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Four Principles for Mindful Communication with Kids

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This is the second post in a series on mindful communication we’re doing this fall with Oren Jay Sofer, our Senior Program Developer who teaches our Mindful Communication course. Oren is author of a new book, Say What You Mean: A Mindful Approach to Nonviolent Communication.

In the first part of this series, we explored how mindful presence lays the groundwork for teaching by developing our relationships with students. Today, let’s explore four key principles of communication with kids. These principles build that primary relationship, strengthen healthy classroom culture, and support learning-readiness.
1. Identify what matters, which helps kids feel seen and creates relevance for your lessons and requests.
Whether we’re listening to students, teaching a lesson, or managing behavior, learning to identify our students’ deeper needs in a situation is transformative. Instead of focusing solely on what is happening—our lesson, a student’s words or behavior—try shifting your attention to why—what’s important to our student right now?
There is a difference between our strategies and our deeper objectives. We might want a student to be quiet and cooperate; they want to goof around. Our attempts to get them quiet is a strategy for our needs, and those of other students. We want everyone to be able to learn. But they may be longing to be noticed, or to have their classmates talk to them.
When we’re able to identify and understand the needs behind someone’s choices, strategies or words, something transformative happens. When they feel understood for what’s important to them (and trust that we care about that), we are no longer locked in conflict. We can learn to make these inquiries, and listen, in the midst of our lesson without losing the rest of the group. Here’s how:
Let’s say you have a student who’s talking during your instructions and into the time you’ve set for writing. You’ve tried making your usual brief request, “Quiet, please, so everyone can hear the instructions.” Next, you might connect further with the student by guessing what’s going on for them, then share your own needs and propose some ways of working together.
“I notice you’re talking during this assignment. Are you bored? Do you want to be a little more engaged? Or just want to have some fun?”
[Student responds]
“I’d like to find a way for you to have that, and I want everyone else in the class to be able to focus on getting their work done too.”
Depending on the student’s age, you might offer one or two suggestions, or invite them to share their ideas.
When we teach a lesson or make a request, if we share the “why”—our needs, values, or objectives—we honor our students autonomy and intelligence, and help create a sense of relevance and meaning.
2. Make space for emotions, which can build trust, de-escalate tension, and bring healing.
Growing up, did your teachers mirror and validate emotions?
So many of our kids today are struggling with confusing and painful feelings. If there’s emotion, something matters. Emotions are evolutionary signals that point to our needs being met or not. Unacknowledged emotions can build up inside, interfere with learning, and cloud decision making. Making space for them can help us understand what’s going on for a student, which lets them know we care about them and that they’re safe with us.
If a student is visibly upset, acting out, or seems to be in a terrible mood, find the time and space to empathize with their feelings. Be patient. “I hear how angry you are but …” will likely register as dismissive. Genuinely reflecting what you hear and see is more likely to help:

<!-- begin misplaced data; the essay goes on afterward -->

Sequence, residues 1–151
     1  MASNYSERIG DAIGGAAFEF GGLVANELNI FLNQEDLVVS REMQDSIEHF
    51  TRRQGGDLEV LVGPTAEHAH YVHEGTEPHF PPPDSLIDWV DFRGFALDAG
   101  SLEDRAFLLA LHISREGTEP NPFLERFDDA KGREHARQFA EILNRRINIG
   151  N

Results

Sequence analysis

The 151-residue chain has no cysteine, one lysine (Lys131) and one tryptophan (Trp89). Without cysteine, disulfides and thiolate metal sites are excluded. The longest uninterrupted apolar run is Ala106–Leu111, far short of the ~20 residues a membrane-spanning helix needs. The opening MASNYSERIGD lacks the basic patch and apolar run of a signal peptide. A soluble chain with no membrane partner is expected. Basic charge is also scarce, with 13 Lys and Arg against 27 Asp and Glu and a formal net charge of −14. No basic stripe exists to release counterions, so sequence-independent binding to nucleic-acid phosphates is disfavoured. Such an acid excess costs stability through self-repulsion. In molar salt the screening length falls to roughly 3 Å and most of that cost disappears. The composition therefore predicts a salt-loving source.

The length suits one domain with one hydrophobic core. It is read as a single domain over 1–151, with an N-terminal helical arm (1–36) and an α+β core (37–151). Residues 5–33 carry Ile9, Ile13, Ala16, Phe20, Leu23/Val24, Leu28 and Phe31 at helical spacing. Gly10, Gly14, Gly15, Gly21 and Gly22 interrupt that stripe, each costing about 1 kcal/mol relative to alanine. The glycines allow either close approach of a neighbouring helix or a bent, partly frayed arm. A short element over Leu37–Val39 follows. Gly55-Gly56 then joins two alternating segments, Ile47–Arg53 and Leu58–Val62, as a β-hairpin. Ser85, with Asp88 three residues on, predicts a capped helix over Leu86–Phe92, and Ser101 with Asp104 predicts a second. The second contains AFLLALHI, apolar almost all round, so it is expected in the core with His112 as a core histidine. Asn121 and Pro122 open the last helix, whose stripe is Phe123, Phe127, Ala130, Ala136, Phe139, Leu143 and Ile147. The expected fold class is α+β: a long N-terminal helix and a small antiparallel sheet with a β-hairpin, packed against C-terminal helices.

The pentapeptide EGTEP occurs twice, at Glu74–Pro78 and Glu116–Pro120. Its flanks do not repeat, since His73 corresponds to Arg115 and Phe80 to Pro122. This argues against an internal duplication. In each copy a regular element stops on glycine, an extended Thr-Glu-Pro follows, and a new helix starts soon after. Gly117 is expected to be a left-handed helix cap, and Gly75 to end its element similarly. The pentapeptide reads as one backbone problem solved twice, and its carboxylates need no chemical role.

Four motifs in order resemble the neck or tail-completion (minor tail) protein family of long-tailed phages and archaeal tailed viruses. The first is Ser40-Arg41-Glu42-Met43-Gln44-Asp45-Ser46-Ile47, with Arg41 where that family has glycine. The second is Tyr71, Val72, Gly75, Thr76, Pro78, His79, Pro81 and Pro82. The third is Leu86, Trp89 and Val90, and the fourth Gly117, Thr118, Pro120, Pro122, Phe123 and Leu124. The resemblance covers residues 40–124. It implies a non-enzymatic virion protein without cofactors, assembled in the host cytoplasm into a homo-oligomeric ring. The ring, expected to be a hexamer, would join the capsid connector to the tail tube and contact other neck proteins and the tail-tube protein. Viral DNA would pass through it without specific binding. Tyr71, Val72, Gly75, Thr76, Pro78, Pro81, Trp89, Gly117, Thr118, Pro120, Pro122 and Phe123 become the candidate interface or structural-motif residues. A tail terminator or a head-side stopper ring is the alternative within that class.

“I hear how angry you are. This must be very important to you.”
Similarly, when you’re feeling upset (as we all do at times), use it as an opportunity to model your healthy relationship with your own emotions. Instead of trying to stuff it, pretend you’re okay, or express things reactively, how would it be to share what’s happening in an open and transparent way? Not only are we taking responsibility for our emotions and modeling how to do that for our students, but when we do this, we’ll feel more internal balance.
3. Learn to see “resistance” as information, which supports better outcomes.
When students behave in a way that’s at odds with our goals, we might label it as “resistance.” This judgment blinds us to the real emotions and yearnings driving our students’ behavior. A mindful teacher terms resistance as a student communicating their inner experience or exercising autonomy. This is especially true with teens, who need to be seen as an individual with a clear identity.
As educators committed to teaching mindfully, when students make choices different from our wishes, we need to choose: can we connect and build the relationship right now? Find ways to balance respecting the individual, the needs of the classroom, and our own wisdom. Engage with care as we inquire about the student’s feelings or needs. Invite collaboration to work towards a shared goal.
4. Share power and discuss limits, which models respect and teaches collaboration.
Many schools function in a power-over, hierarchical system as a strategy to create safety, order, and support learning. If we’re not conscious of how we use the structural power we have with kids, we may unintentionally reinforce cultural messages that disempower our children and stunt creativity. This dynamic is amplified if we are part of the dominant culture. (As a white, male teacher, for example, am I conscious of the inherent power dynamic with female students or students of color?) When we acknowledge the power we hold and engage our students in collaborative decision making we model democratic values and send an important message about their self-worth, intelligence, and capacity.
If you need to set limits or use your power to resolve a situation, share your reasons calmly and clearly. Acknowledge any limitations of time, resources, or energy that prevent you from working more collaboratively, and affirm the student’s autonomy by restating their choices that are viable for you.